Hong Kong: The World’s Most Visited City
Few big cities in Asia have made my heart flutter like Hong Kong. We couldn’t have visited at a better time, either. It was cool, crisp weather and Chinese New Year festivities were under way. (I was so excited to wear a jacket!) It felt like the day before Christmas with people rushing out to get the last of their gifts, bouquets of flowers and other goodies. Everything was buzzing with the excitement of preparations and the new start of a new year. I instantly loved the vibe of the city and fell in love with the fact that mountains, sea and city merge in the most perfect way possible.
There’s endless things to say about the world’s most visited city. What won me over is that HK is a city of both new and old, past and present; it really feels alive. All I could think was that Singapore felt soulless in comparison – too young and too perfect. But here, at every intersection and corner, retro and modern coexists perfectly; it’s a dynamic forward thinking, modern city that hasn’t forgotten it’s colonial past. HK is efficient and clean where it wants to be, and gritty and dirty like even the best cities are. It’s paradise for those who appreciate the luxuries in life because HK is full of oppulence, world-class dining and stunning sights. I’d always heard HK was a foodie’s heaven, so I made sure to plan a few delicious stops along the way. We spotted every type of cuisine imaginable on display in trendy restaurants peppered throughout each up and coming neighborhood. From Nepalese to Mexican, HK has it all.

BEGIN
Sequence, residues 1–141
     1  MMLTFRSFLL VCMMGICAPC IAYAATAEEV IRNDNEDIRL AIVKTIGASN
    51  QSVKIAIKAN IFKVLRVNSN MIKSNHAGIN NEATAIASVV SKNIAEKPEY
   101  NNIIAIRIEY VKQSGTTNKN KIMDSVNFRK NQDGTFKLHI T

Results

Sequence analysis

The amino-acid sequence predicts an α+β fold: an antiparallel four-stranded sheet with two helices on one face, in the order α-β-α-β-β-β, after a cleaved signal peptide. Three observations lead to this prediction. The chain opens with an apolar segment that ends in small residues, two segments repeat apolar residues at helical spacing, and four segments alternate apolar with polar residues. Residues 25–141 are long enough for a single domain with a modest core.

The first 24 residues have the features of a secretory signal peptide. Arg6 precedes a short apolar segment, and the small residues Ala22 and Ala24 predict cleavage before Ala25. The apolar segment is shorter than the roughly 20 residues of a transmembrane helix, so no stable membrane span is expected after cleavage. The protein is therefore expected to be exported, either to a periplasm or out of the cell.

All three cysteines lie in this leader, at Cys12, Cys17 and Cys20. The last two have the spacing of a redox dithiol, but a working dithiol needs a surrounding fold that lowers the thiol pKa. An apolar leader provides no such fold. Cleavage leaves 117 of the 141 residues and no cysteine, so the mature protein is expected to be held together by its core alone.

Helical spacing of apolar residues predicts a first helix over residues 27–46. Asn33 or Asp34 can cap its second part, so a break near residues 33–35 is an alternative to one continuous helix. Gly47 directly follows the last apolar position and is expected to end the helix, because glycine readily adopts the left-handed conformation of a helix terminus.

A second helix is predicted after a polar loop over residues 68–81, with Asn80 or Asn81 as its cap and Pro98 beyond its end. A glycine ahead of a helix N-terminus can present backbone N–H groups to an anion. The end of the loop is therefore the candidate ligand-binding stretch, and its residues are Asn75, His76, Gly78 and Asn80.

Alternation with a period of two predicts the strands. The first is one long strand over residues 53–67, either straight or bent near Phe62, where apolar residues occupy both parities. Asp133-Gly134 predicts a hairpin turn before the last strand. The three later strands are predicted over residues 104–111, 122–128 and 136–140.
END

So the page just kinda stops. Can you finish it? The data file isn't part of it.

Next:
As our taxi wove in and out of small streets and climbed steep inclines to our Airbnb in Soho, I couldn’t help but notice how limited space was. Everything in the city reflects the tremendous size constraints. Buildings reach up to the sky with their narrow frames as if to make room for the rest. Skyscrapers tiptoe to the waterfront’s edge and at night the dazzling lights bring on an entirely new dimension. That’s just from the ground. If you can get to any bird’s-eye view of HK (Ozone bar, Victoria Peak etc;) you’ll see how breathtaking the fusion of land, water and city really is.
The city’s transport is incredibly efficient and within 25 minutes you can either come or go from HK island. As it’s a tourist hotspot, it only makes sense that getting around is this effortless. Going for a quick weekend trip is as seamless as it gets. As we reached the airport, I felt a twinge of sadness come over me. This could very well be our last trip within Asia, and I kept wishing we had discovered it sooner.
- expat life, hong kong, Photography, street photography
- February 19, 2016